Monday, June 14, 2010

Australian Television: City Homicide, An Introduction

"No greater honour will ever be bestowed upon an officer than when they are entrusted with an investigation into the death of a Human Being."

So begins each episode of City Homicide.

City Homicide is an Australian dramatic television series created and written by John Banas and John Hugginson.  It deals with the cases and daily lives of a small group of homicide detectives and their superiors.  They manage to do their jobs while struggling not only with personal demons but with department politics.

In a scripted drama of this nature, it would be easy for the show to become exactly like every single other crime drama with just a different set of characters.  Murder is murder and detection is detection.  However, with good writing and interesting plot twists, a show can stand out amongst its peers.  City Homicide does that, in my opinion, and proves that not all crime dramas are created alike. 

The cases range from young girls being abducted thanks to webcams in their bedrooms and crime victims murdering those they feel escaped justice to a couple who disappeared and was murdered in 1978 and a judge and young junkie being found dead and their deaths are tied together.  The series is well-written and it is very rare that the action or storyline drags or gets bogged down in unnecessary details.  Each episode usually has a couple of story lines working it it:  the main storyline (the crime) and a secondary storyline (usually something about the lives of the characters).

The cast is very well assembled and has gone through a few changes in the three years City Homicide has been on the air.  Most of the cast has remained constant but a few colorful characters have come and gone.  Most notably, Wilton Sparks played by Marshall Napier.  I loved the Sparks character and was sad to see him leave.  Season three saw the addition of two new detectives as the much-loved and respected leader of the homicide unit, Stanley Wolfe, played by the fantastic Shane Bourne took a 'leave of absence' from his job.

Detective Jennifer Mapplethorpe is a strong and smart character played by Nadine Garner.  Mapplethorpe came to homicide from fraud and was in danger of being transferred back when loose-cannon Duncan Freeman, played by Aaron Pedersen was cleared to return to work after a shooting in the first episode.  Thankfully, Stanley Wolfe and Wilton Sparks were able to keep her in homicide as I couldn't imagine the show without Mapplethorpe.

The character of Duncan Freeman fast became one of my favorites and, thanks to City Homicide, I've become a huge fan of Aaron Pedersen.  When Duncan was first introduced, I thought he would be a cocky, selfish and generally unlikable character.  Was I ever wrong!  Duncan is smooth, sure of himself, sharp and unrelenting in his pursuit of justice.  One of my favorite moments from the entire series is when Duncan returns to work in the first episode.  He walks into the homicide unit as the John Butler Trio's Hello plays in the background.  He comes in and sweeps Mapplethorpe's belongings off his desk to reclaim his place in the unit.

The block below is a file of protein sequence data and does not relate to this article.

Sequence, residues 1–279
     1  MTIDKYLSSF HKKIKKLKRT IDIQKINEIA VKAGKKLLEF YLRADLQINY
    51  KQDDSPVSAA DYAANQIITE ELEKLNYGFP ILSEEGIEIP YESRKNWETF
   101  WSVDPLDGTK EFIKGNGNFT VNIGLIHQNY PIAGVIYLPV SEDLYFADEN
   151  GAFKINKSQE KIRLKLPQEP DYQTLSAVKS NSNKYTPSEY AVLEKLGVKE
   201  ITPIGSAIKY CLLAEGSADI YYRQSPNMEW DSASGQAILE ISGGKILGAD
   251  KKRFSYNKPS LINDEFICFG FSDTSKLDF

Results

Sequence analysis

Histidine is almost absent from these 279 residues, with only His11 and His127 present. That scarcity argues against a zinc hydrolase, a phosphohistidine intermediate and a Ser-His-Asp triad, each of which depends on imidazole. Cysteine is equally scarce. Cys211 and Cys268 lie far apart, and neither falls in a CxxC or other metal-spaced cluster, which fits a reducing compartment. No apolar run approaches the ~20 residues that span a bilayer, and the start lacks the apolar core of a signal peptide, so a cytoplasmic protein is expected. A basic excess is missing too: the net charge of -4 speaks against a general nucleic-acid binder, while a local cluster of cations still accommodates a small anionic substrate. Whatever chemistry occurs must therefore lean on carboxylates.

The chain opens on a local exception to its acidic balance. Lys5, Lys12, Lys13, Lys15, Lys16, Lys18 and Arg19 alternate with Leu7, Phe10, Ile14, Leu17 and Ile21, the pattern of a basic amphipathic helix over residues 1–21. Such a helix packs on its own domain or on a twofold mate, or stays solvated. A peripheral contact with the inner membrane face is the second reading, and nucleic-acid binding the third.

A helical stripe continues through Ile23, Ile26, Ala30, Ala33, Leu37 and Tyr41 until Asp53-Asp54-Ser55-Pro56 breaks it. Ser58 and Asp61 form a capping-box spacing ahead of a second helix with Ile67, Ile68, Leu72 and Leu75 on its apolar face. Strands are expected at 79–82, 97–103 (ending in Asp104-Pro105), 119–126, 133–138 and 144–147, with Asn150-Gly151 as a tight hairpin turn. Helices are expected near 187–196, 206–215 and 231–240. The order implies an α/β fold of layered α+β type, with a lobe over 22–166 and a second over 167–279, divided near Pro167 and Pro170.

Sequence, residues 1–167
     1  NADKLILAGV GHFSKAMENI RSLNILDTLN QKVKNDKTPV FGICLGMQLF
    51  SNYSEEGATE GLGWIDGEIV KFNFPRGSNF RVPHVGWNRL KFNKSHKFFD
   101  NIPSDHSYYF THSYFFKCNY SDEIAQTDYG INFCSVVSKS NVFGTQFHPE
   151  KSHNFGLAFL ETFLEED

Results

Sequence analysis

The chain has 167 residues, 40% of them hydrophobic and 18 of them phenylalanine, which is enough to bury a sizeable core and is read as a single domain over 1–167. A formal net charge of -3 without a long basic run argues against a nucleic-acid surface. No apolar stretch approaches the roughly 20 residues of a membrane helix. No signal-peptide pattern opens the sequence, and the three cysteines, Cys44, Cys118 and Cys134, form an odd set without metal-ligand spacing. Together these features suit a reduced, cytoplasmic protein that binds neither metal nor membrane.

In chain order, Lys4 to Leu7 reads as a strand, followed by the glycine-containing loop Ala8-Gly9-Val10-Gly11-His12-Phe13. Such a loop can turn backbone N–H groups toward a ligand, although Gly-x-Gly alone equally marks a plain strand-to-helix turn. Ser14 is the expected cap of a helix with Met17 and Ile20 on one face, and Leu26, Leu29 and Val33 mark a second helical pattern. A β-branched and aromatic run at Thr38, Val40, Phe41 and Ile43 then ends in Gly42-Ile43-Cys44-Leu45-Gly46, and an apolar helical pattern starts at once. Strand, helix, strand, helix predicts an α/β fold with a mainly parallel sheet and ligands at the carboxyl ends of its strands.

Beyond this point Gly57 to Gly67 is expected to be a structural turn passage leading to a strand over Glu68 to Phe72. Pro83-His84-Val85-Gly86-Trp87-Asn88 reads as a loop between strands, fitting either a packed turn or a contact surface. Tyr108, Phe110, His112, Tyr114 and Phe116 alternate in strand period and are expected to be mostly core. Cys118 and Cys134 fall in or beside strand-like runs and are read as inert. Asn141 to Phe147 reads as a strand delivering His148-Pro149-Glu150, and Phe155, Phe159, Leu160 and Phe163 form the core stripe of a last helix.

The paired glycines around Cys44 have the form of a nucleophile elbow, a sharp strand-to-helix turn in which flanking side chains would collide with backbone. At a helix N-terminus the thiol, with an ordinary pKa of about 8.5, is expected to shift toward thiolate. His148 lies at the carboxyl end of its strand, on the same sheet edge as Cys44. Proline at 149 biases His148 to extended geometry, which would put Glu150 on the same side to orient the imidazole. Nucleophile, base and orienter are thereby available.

Simon Joyner (Daniel MacPherson) started out as a detective who did his job well and loved to have a little fun whenever he could.  However, after a brush with death and the near-death beating of a friend and colleague, Joyner has evolved into a character who is angry and bent on vengeance.  MacPherson, a favorite among the ladies, has made the transition from fun-loving hottie to vengeance-seeking hottie quite well.  The 'new Simon' is just as believable and real as the 'old Simon'.

The season three addition of Allie Kingston (Nadia Townsend) is one I immediately warmed to unlike some fans of the show.  Like Mapplethorpe, she is a tough female character.  Her first moments in Homicide are a little shaky but it is clear Kingston is a fast learner and I can see this character really going places.

Currently, City Homicide is on break.  I've read reports it will be returning to the Australian airwaves in August 2010.  I do hope that is true because I really can't wait to see if Stanley Wolfe returns from his leave of absence, to see more of Duncan Freeman, to learn the outcome of Simon Joyner's downward spiral and to just be able to enjoy the excellent drama from a fine cast.  When the show returns, I will be doing episode-by-episode summaries.

The Cast
Stanley Wolfe (Shane Bourne)
Duncan Freeman (Aaron Pedersen)
Jennifer Mapplethorpe (Nadine Garner)
Matt Ryan (Damien Richardson)
Simon Joyner (Daniel MacPherson)
Bernice Waverley (Noni Hazlehurst)
Terry Jarvis (David Field)
Allie Kingston (Nadia Townsend)
Nick Buchanan (John Adam)
Wilton Sparks (Marshall Napier)

For more information on City Homicide visit the following sites:
The Official Channel 7 City Homicide Web Site
TV Rage
The Internet Movie Database

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